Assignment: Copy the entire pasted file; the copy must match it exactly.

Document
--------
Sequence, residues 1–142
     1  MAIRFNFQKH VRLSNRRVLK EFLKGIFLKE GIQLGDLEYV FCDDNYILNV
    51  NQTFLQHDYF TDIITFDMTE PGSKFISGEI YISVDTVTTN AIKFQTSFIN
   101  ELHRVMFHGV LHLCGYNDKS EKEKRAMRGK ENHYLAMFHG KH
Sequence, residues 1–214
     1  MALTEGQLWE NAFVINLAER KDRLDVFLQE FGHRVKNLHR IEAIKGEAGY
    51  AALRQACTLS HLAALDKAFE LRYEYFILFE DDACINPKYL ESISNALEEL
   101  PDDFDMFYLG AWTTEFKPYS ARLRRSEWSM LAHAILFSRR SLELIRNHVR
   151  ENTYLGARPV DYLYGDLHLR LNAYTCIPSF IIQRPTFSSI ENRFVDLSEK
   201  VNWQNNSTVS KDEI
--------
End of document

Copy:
Sequence, residues 1–142
     1  MAIRFNFQKH VRLSNRRVLK EFLKGIFLKE GIQLGDLEYV FCDDNYILNV
    51  NQTFLQHDYF TDIITFDMTE PGSKFISGEI YISVDTVTTN AIKFQTSFIN
   101  ELHRVMFHGV LHLCGYNDKS EKEKRAMRGK ENHYLAMFHG KH
Sequence, residues 1–214
     1  MALTEGQLWE NAFVINLAER KDRLDVFLQE FGHRVKNLHR IEAIKGEAGY
    51  AALRQACTLS HLAALDKAFE LRYEYFILFE DDACINPKYL ESISNALEEL
   101  PDDFDMFYLG AWTTEFKPYS ARLRRSEWSM LAHAILFSRR SLELIRNHVR
   151  ENTYLGARPV DYLYGDLHLR LNAYTCIPSF IIQRPTFSSI ENRFVDLSEK
   201  VNWQNNSTVS KDEI